Survey: Most Austrians don’t know 6 million Jews were killed in Holocaust

A Holocaust Knowledge and Awareness survey of adults in Austria shows over half think that 2 million Jews or fewer were killed.

By Batya Jerenberg, World Israel News

The Conference on Jewish Material Claims Against Germany published a survey Thursday, which is Holocaust Remembrance Day in Israel, revealing that a majority of Austrians have little knowledge of the genocide, its perpetrators and victims.

Known more broadly as the Claims Conference – the organization that negotiates aid for Holocaust survivors with the German government and distributes it worldwide – its survey queried 1,000 Austrian adults about their knowledge of the Holocaust.

According to the report’s summary, “More than half (56 percent) of those surveyed did not know that six million Jews were killed during the Holocaust. That number rose to 58 percent among Millennials and Gen Z.”

The report describes as one of its “most startling statistics” the fact that many Austrians believe fewer than one million Jews were killed. “One-quarter of Austrian respondents (25 percent) believe that one million or fewer Jews were murdered during the Holocaust. The number is even higher among Millennials & Gen Z, almost one-third of whom (30 percent) believe that one million or fewer Jews were murdered.”

“More than one-third (36 percent) of Austrians overall – and 42 percent of Millennials and Gen Z in Austria – believe two million Jews or fewer were killed during the Holocaust,” the report said.

Austrians’ knowledge of their country’s complicity in the Holocaust was also lacking. Forty-five percent chose the answer that their country had “not actively resisted” the Nazis’ takeover of their country in 1938, with only 32 percent saying that Austrians had given Germany’s annexation, called the Anschluss, their full support.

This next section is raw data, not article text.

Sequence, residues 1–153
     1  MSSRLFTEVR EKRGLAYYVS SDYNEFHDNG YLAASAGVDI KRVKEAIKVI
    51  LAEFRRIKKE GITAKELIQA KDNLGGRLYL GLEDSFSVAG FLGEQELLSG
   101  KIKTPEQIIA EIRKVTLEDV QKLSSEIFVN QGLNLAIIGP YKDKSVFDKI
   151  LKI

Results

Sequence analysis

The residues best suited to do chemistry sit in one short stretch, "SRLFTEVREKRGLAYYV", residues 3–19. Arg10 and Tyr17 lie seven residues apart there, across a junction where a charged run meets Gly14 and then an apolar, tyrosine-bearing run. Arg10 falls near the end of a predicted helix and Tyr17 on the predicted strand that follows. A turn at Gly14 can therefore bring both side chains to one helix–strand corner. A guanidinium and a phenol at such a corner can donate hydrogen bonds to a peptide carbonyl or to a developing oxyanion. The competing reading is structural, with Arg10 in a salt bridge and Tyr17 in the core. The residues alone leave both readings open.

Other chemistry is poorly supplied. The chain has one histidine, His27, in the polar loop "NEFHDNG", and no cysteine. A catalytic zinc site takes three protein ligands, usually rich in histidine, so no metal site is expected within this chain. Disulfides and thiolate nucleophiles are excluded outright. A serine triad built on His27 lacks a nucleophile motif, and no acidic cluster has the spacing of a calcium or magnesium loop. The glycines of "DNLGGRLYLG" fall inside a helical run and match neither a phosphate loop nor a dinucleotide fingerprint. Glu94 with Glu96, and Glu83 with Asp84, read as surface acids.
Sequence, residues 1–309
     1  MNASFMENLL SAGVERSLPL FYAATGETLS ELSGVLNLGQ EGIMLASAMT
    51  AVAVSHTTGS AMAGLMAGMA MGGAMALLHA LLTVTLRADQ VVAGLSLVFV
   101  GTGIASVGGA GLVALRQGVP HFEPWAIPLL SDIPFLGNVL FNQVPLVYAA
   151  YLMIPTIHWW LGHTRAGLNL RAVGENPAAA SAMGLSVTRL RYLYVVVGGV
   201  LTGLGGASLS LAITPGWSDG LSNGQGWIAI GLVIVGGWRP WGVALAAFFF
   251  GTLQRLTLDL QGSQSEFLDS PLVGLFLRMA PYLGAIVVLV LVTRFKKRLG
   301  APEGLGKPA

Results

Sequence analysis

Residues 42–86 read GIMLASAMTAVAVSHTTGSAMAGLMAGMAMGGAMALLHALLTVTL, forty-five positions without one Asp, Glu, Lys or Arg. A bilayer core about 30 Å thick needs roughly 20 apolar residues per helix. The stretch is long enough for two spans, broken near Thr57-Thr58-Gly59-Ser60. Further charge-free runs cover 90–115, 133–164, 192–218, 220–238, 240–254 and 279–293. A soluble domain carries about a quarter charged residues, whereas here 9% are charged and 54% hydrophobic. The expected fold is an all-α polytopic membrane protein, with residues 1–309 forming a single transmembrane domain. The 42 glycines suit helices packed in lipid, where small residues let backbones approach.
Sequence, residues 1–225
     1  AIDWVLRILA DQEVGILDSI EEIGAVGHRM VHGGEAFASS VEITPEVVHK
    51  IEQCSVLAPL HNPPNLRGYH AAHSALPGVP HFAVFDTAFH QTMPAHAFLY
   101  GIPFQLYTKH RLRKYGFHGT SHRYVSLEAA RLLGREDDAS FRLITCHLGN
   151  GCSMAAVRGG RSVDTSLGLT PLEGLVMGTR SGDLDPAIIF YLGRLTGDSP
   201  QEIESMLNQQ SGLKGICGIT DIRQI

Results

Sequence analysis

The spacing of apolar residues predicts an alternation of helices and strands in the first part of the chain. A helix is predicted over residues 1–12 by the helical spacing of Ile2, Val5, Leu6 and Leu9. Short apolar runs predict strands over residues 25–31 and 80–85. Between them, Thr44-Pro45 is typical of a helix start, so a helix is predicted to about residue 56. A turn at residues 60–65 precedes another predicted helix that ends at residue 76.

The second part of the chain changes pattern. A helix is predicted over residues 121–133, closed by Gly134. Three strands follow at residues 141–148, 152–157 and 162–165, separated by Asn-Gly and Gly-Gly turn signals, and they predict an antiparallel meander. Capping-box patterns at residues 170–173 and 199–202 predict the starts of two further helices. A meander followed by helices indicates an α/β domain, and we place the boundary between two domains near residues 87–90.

A large majority, 68 percent, still believe that Austria was both a victim and perpetrator of the Holocaust, with only 13 percent acknowledging that their country was only a perpetrator.

In addition, when asked to name a death camp, concentration camp or ghetto they had heard of, 42 percent of the respondents could not name Austria’s Mauthausen, a notorious concentration and slave labor camp complex that operated from 1938 through the very end of the war and lies about 100 miles from Austria’s capital, Vienna.

And while just over half (51 percent) knew that Adolf Eichmann, one of the top organizers of the “Final Solution to the Jewish Problem,” was a perpetrator of the Holocaust, only 14 percent knew he was Austrian. Meanwhile, eight percent thought he was either a bystander or victim while the rest – a whopping one third – wasn’t sure who he was.

The results, said senior executives of the Claims Conference, point to the massive need for Holocaust education, especially among the younger generations.

Austrians’ lack of knowledge is not relegated to their country alone, as a U.S. survey conducted by the Claims Conference last year also revealed extensive ignorance of the subject. Two thirds of American Millenials, for example, did not know that Auschwitz was a concentration camp, and 22 percent had not even heard of, or were not sure if they’d heard of the Holocaust.

At the time, the Conference’s Task Force chair, Matthew Bronfman said, “We must take a look at these results and determine where and how best we can begin teaching the next generation these critical lessons which must resonate for decades to come.”

In response to the most recent survey, he said “We are failing to teach our young people and the consequences will be devastating.”